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Twitter blasted by senator for giving 'inadequate' briefing to Congress on Russian election interference

Social media giant said it found some 200 potentially Russia-linked accounts

Jeremy B. White
San Francisco
Friday 29 September 2017 01:45 BST
The Twitter logo is displayed on a screen on the floor of the New York Stock Exchange (NYSE) in New York City, U.S., September 28, 2016
The Twitter logo is displayed on a screen on the floor of the New York Stock Exchange (NYSE) in New York City, U.S., September 28, 2016 (REUTERS/Brendan McDermid)

Twitter briefed Congress on how Russia may have used the social media platform to influence the 2016 US presidential election, drawing a rebuke from a senator who said the company had not been forthcoming.

American intelligence agencies have concluded that Russia launched a widespread campaign to interfere with the campaign - seeking to undermine Democratic nominee Hillary Clinton and sowing general discord through special media. A declassified report concluded the Kremlin directed a network of paid social media “trolls” and found that pro-Kremlin bloggers had a Twitter campaign ready in the event Ms Clinton won, complete with a #DemocracyRIP hashtag.

In a post published after a Twitter executive met with staffers from the House and Senate intelligence committees, the company vowed would to fight “malicious automated accounts and spam” and said it had turned over to Congress a summary of some $274,000 worth of advertisements purchased by government-aligned broadcaster Russia Today.

Facebook has given Congress thousands of advertisements that flowed from fake Russian-linked accounts intent on widening divisions in American society, and Twitter said on Thursday that it had suspended 22 Twitter accounts tied to the fraudulent Facebook accounts and investigated “an additional 179 related or linked accounts”, removing those that violated the site's rules. The company said it had actively policed tweets that sought to “suppress or otherwise interfere with the exercise of voting rights”, including by seeking to counter false claims that people can vote via text.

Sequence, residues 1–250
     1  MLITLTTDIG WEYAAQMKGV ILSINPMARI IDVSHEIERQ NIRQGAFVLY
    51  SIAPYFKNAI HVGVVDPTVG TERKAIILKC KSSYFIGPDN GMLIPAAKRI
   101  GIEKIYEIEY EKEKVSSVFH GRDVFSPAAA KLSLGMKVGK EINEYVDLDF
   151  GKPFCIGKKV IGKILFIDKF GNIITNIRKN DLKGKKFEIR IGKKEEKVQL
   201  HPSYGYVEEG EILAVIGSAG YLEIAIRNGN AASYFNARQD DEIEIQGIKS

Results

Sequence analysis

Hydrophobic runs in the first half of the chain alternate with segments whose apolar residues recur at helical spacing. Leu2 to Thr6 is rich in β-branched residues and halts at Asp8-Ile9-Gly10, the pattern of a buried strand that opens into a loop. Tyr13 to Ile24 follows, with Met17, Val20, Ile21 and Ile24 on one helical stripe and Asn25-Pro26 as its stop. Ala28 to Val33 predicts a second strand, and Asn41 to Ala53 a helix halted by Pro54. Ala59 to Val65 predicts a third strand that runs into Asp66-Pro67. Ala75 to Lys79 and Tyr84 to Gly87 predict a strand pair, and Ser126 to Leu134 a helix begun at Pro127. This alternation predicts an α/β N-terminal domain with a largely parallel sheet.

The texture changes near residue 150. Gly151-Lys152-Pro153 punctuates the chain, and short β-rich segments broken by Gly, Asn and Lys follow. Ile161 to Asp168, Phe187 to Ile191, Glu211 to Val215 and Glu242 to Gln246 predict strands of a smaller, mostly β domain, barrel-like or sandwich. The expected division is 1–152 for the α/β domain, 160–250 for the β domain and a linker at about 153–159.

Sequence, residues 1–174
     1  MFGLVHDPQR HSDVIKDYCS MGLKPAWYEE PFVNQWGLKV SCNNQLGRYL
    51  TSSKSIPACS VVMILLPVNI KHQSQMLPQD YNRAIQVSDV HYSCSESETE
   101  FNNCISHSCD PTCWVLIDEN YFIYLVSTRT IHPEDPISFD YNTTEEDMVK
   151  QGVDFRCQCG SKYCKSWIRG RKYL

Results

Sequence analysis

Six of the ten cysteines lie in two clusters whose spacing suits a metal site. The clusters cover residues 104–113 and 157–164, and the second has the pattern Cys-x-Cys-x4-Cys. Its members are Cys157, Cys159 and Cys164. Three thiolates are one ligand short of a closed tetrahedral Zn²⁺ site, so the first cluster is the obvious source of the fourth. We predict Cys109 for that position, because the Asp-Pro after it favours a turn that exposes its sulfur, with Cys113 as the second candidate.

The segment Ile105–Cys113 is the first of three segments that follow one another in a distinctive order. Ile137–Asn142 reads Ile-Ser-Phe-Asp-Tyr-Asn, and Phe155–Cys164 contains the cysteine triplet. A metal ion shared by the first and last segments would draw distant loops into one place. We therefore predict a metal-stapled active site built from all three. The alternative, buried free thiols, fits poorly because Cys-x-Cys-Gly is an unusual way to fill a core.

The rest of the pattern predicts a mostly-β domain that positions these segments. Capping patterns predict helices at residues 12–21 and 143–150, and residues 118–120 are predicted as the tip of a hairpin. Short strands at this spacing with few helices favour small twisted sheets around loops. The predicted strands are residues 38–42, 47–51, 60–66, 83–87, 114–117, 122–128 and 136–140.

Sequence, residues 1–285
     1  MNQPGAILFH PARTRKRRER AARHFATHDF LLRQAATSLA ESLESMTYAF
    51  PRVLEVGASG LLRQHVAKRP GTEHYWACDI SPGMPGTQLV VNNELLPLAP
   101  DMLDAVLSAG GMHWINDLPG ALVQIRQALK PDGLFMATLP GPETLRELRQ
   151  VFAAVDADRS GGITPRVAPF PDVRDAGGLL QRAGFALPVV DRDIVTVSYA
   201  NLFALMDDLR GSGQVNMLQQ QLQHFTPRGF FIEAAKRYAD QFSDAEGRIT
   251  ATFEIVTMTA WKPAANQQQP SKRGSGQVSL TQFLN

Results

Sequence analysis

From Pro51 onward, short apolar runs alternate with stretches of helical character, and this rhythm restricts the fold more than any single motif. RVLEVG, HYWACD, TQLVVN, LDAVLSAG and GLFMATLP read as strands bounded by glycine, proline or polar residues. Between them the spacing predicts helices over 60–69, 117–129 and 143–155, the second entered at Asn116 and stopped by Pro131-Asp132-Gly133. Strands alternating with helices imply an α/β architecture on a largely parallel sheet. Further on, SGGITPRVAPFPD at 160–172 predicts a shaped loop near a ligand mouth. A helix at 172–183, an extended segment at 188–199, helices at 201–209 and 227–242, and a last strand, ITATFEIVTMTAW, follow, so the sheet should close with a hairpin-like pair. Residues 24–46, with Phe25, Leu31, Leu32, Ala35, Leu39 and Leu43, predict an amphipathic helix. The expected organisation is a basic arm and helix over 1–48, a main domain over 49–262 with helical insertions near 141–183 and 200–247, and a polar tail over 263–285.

“We have not found accounts associated with this activity to have obvious Russian origin but some of the accounts appear to have been automated”, the post said. “We have shared examples of the content of these removed Tweets with congressional investigators”.

But the company did not do enough to assuage Sen Mark Warner, a Virginia Democrat, who lambasted the company's presentation as “deeply disappointing” and “inadequate on almost every level”.

The presentation “showed an enormous lack of understanding from the Twitter team of how serious this issue is, the threat it poses to democratic institutions”, Sen Warner said

Social media’s role in disseminating misleading or false content, including Russia-linked propaganda, has come under the microscope as Congress probes the extent of the Kremlin’s influence campaign. A study by Oxford University researches concluded that Twitter was a powerful conduit for falsehoods during the 2016 campaign, finding that “junk news” abounded and that “Twitter users got more misinformation, polarising and conspiratorial content than professionally produced news”.

Twitter argued that its effort to purge fraudulent or manipulative content did not originate with the 2016 election cycle.

“Russia and other post-Soviet states have been a primary source of automated and spammy content on Twitter for many years”, the company said. “Content that violates our rules with respect to automated accounts and spam can have a highly negative effect on user experience, and we have long taken substantial action to stem that flow”.

But social media hubs like Facebook and Twitter are facing intensifying political pressure. Representatives of Facebook had previously briefed Senate Intelligence Committee staffers, and questions about social media and the 2016 election could soon get a public airing, as Facebook, Twitter and Alphabet have reportedly been invited to testify before Congress in November.

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Earlier this week Facebook founder Mark Zuckerberg took back an earlier comment, made shortly after the contentious 2016 campaign concluded, that it was “crazy” to think fake news distributed through Facebook shaped the election's outcome. He posted a message on Facebook after Mr Trump claimed the company had been against him.

“Calling that crazy was dismissive and I regret it” Mr Zuckerberg wrote. “This is too important an issue to be dismissive. But the data we have has always shown that our broader impact - from giving people a voice to enabling candidates to communicate directly to helping millions of people vote - played a far bigger role in this election”.

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